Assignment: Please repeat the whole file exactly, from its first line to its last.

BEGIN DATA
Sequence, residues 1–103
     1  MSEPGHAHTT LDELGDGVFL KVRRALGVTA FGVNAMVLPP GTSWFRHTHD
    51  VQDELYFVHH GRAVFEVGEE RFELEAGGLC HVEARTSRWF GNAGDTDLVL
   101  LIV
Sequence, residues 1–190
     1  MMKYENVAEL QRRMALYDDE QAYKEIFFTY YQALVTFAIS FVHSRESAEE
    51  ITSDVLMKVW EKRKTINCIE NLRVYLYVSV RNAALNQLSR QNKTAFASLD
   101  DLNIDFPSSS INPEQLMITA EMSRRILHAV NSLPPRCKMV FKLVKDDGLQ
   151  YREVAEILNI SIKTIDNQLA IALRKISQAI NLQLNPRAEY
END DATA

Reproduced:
Sequence, residues 1–103
     1  MSEPGHAHTT LDELGDGVFL KVRRALGVTA FGVNAMVLPP GTSWFRHTHD
    51  VQDELYFVHH GRAVFEVGEE RFELEAGGLC HVEARTSRWF GNAGDTDLVL
   101  LIV
Sequence, residues 1–190
     1  MMKYENVAEL QRRMALYDDE QAYKEIFFTY YQALVTFAIS FVHSRESAEE
    51  ITSDVLMKVW EKRKTINCIE NLRVYLYVSV RNAALNQLSR QNKTAFASLD
   101  DLNIDFPSSS INPEQLMITA EMSRRILHAV NSLPPRCKMV FKLVKDDGLQ
   151  YREVAEILNI SIKTIDNQLA IALRKISQAI NLQLNPRAEY